High fashion has never been a distinguishing characteristic of the Rocky Mountain West, the way it is in other parts of the country. We don't have the slim sophistication of Manhattan women, or the polished chic of San Francisco's society matrons, or the climate to wear Palm Beach's beautiful chiffons and linens. Our fashion is influenced more by the Southwest and Texas--neither known as a fashion mecca in any sense of the word: lots of glitzed-up squaw dresses and rodeo-queen jeweled bomber jackets.
Whatever mainstream haute couture is available can be found at the department store founded by Cyrus Vaile's ancestors in the late 1800s: the Roundup Dry Goods Company.
Cyrus was always a prominent, tolerated fixture in Roundup society. Prominent because the store had a very hard-working public relations girl who was always more than happy to loan out jewelry and gowns for special occasions, and tolerated because he had so much money and was so generous with it, which made it easier for people to overlook his behavior. In many ways he was the big, smelly, fat kid who owned the ball.
Cyrus's greatest claim to fame was the Roundup Repertory Company, which he'd brought to town from southern Connecticut twenty years ago because the people there wouldn't contribute enough money to support it.
Bidding for the company's presence was lively, and by using the same middle-of-the-night-we'll-build-you-whatever-kind-of-stadium-you-want tactics the really big power guys use to entice major league baseball, or hockey, or football teams, Cyrus bought the ensemble of actors, directors, set and costume designers, and stage managers right out from under those Connecticut Yankees. He installed George Wrightsman, the company's young founder and general director, and his troupe of classically trained, much-admired artists in Roundup's exquisitely restored beaux arts Vaile Theater, so named because Cyrus had personally paid for the restoration.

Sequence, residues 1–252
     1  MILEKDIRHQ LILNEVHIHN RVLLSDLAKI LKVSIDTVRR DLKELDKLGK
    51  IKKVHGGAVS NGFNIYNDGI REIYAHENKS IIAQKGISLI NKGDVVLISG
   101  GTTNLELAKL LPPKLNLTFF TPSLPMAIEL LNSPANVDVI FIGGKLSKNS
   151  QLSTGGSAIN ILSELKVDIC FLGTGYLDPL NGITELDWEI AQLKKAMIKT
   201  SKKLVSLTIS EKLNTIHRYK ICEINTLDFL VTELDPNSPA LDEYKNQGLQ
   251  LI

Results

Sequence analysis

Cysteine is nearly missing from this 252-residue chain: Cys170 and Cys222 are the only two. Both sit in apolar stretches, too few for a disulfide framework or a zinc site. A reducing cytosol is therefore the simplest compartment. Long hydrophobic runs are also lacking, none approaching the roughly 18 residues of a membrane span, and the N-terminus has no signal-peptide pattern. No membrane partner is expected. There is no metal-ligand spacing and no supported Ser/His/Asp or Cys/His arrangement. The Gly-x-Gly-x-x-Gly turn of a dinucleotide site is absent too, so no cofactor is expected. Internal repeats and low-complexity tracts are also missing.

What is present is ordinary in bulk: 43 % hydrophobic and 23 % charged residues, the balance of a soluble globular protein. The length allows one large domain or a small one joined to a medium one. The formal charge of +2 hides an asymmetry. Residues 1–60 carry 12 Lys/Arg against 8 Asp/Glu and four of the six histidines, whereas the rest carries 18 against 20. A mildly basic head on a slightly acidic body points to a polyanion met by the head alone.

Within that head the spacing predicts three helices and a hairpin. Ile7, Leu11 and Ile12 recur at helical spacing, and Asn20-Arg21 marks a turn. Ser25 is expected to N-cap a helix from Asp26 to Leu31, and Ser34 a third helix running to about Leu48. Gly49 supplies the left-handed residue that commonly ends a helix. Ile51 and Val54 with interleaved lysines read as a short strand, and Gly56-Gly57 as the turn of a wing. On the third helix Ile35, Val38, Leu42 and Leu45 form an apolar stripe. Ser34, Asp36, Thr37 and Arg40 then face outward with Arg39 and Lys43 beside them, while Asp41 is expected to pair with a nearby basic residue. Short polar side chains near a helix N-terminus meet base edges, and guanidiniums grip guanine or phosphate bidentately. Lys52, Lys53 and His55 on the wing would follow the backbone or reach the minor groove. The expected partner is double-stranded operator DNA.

Frankly, I'd rather have a baseball team.
Still the company's greatest patron, Cyrus pretty much regarded the Roundup Rep, all the actors in its company, and all the students in its conservatory, as his personal possessions and himself as the Louis B. Mayer of Roundup.
Such were my thoughts and recollections that afternoon as I rode the elevator up to his penthouse apartment in the Roundup Grand Hotel. I got laughing about the last time I'd seen him, when he told me I was still young enough to be an ingenue, and I had all the makings of a great actress, and wouldn't I let him help me, and then he tried to French-kiss me and I slapped him. The truly funny part about the whole thing is that I was almost forty years old at the time and he thought I'd believe his ingenue bit. The unfunny part is that he was about eighty and, believe me, there is nothing funny about being French-kissed by an eighty-year-old man unless maybe you're a ninety-year-old woman.
Well, anyhow, today I had on a smart, hot pink linen suit, black patent high heels, and a little Glock 26 in my black patent purse, and, as I mentioned before, I'd already decided that if Cyrus tried anything I'd have to shoot him.
A young nurse opened the door. She had long, straight, glossy dark hair and wore a short, pressed white cotton uniform, white stockings, and white shoes--the way nurses used to dress in the old days--which made me think she probably wasn't a nurse at all but an actress over to play "doctor" with Cyrus for the afternoon--sort of a Debbie Does Nursing
deal. Her skiff of makeup was so expertly applied it was almost invisible, just a blush on the cheeks of her clear young skin and light mascara on her long thick lashes.
"Miss Bennett?" She smiled and stood back so I could enter the foyer. I followed her into the living room. "Mr. Vaile will be right in," she told me. "Please make yourself comfortable."
The huge living room was straight from the sixties: black and white. The cushions on the sofas and armchairs were smooth surfaces of buttery soft fine white leather, and sculptured white area rugs covered the veined black marble floor. The tables were slabs of thick glass balanced on curved white pedestals, molded to look like elephant tusks. All the table and floor lamps were white twists of thick rope with white lacquered shades. I thought the place was all right. Not great.